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Deities: Ehecatl, Tlahuizcalpantecuhtli, Kukulkan
Kukulkan
(Maya) Nicknames: "Feathered Serpent", "Precious Twin"[1]

Major cult center Temple of the Feathered Serpent, Teotihuacan

Planet Venus

Animals Snake

Region Mesoamerica

Ethnic group Aztec

Festivals Several

Personal information

Parents Mixcoatl
Mixcoatl
and Xochiquetzal

Siblings Xolotl

Quetzalcoatl
Quetzalcoatl
as depicted in the Codex Telleriano-Remensis

Quetzalcoatl
Quetzalcoatl
in feathered serpent form as depicted in the Codex Telleriano-Remensis

Quetzalcoatl
Quetzalcoatl
(English: /ˌkɛtsɑːlˈkoʊɑːtəl/; Spanish pronunciation: [ketsalˈkoatɬ] ( listen)) (Classical Nahuatl: Quetzalcohuātl [ket͡saɬˈkowaːt͡ɬ],  modern Nahuatl
Nahuatl
pronunciation (help·info)) forms part of Mesoamerican literature and is a deity whose name comes from the Nahuatl
Nahuatl
language and means "feathered serpent".[2] The worship of a feathered serpent is first documented in Teotihuacan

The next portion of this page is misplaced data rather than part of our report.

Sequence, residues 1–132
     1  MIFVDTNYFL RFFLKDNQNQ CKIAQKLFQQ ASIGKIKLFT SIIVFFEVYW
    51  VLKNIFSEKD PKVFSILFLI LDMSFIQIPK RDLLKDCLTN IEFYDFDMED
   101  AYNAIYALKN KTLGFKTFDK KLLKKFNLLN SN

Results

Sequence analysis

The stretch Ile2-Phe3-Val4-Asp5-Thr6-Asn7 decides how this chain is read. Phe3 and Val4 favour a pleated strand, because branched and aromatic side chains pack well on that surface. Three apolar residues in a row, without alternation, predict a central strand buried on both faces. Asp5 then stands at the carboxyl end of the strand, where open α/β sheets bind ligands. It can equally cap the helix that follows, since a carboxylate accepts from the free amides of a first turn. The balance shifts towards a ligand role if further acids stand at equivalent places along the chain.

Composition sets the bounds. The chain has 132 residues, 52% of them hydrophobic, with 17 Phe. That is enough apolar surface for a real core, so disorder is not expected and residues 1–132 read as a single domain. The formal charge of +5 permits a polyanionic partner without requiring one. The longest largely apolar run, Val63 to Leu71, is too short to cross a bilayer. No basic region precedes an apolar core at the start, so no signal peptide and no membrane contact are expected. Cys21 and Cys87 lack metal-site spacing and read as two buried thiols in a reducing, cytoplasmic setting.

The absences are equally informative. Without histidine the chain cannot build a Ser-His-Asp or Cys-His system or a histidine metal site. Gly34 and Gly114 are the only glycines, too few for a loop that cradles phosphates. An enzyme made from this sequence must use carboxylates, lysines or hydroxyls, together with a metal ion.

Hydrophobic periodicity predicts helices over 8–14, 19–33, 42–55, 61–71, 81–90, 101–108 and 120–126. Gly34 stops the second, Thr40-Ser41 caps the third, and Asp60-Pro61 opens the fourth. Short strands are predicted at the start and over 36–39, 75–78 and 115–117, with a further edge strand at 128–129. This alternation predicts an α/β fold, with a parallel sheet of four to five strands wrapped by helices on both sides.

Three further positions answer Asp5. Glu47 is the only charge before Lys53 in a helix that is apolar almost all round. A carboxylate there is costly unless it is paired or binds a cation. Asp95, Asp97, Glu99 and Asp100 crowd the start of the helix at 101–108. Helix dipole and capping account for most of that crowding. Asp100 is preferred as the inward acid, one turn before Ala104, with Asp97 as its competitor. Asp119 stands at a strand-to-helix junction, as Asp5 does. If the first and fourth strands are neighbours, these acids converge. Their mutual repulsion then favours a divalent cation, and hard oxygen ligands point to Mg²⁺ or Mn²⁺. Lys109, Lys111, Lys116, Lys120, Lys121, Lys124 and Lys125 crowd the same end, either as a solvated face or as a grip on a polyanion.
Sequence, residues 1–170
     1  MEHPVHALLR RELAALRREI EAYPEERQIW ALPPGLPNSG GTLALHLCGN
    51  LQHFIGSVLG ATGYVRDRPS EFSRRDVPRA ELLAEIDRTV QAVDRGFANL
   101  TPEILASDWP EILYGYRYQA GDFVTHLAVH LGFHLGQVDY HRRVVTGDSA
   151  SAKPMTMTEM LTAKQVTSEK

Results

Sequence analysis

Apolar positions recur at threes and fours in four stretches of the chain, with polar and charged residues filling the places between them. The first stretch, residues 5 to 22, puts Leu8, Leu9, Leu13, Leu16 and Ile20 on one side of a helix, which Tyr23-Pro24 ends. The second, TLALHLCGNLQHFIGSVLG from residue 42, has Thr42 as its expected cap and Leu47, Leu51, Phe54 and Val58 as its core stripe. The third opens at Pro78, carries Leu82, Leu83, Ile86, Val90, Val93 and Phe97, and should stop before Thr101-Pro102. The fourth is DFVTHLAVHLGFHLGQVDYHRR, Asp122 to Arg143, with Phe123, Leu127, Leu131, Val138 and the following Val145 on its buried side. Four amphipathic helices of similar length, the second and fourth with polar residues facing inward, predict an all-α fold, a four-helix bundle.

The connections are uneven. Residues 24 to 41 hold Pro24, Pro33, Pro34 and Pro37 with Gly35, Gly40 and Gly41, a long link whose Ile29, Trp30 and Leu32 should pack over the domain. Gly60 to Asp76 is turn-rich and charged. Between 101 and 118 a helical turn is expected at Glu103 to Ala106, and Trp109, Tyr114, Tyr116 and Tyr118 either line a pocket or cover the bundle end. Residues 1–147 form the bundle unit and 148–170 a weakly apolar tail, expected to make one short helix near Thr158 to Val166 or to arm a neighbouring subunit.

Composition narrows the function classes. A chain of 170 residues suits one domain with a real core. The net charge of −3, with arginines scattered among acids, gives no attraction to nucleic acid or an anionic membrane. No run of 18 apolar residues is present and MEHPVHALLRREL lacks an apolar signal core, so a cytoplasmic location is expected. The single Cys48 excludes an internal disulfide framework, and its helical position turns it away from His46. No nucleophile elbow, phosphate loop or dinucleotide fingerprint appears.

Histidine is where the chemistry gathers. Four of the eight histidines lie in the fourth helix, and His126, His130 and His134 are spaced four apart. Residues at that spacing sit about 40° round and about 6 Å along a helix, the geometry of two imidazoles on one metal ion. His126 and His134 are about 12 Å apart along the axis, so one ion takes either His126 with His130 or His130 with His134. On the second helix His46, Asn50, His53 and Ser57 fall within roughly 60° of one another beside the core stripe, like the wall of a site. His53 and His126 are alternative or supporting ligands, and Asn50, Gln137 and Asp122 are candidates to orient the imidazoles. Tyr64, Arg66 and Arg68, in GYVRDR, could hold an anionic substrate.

Teotihuacan
in the first century BC or first century AD.[3] That period lies within the Late Preclassic to Early Classic period (400 BC – 600 AD) of Mesoamerican chronology, and veneration of the figure appears to have spread throughout Mesoamerica by the Late Classic period (600–900 AD).[4] In the Postclassic period (900–1519 AD), the worship of the feathered serpent deity was based in the primary Mexican religious center of Cholula. It is in this period that the deity is known to have been named "Quetzalcoatl" by his Nahua followers. In the Maya area, he was approximately equivalent to Kukulkan
Kukulkan
and Gukumatz, names that also roughly translate as "feathered serpent" in different Mayan languages. Quetzalcoatl, the Aztec
Aztec
god of wind and learning, wears around his neck the "wind breastplate" ehecailacocozcatl, "the spirally voluted wind jewel" made of a conch shell. This talisman was a conch shell cut at the cross-section and was likely worn as a necklace by religious rulers, as they have been discovered in burials in archaeological sites throughout Mesoamerica, and potentially symbolized patterns witnessed in hurricanes, dust devils, seashells, and whirlpools, which were elemental forces that had significance in Aztec
Aztec
mythology. In codex drawings, Quetzalcoatl
Quetzalcoatl
and Xolotl
Xolotl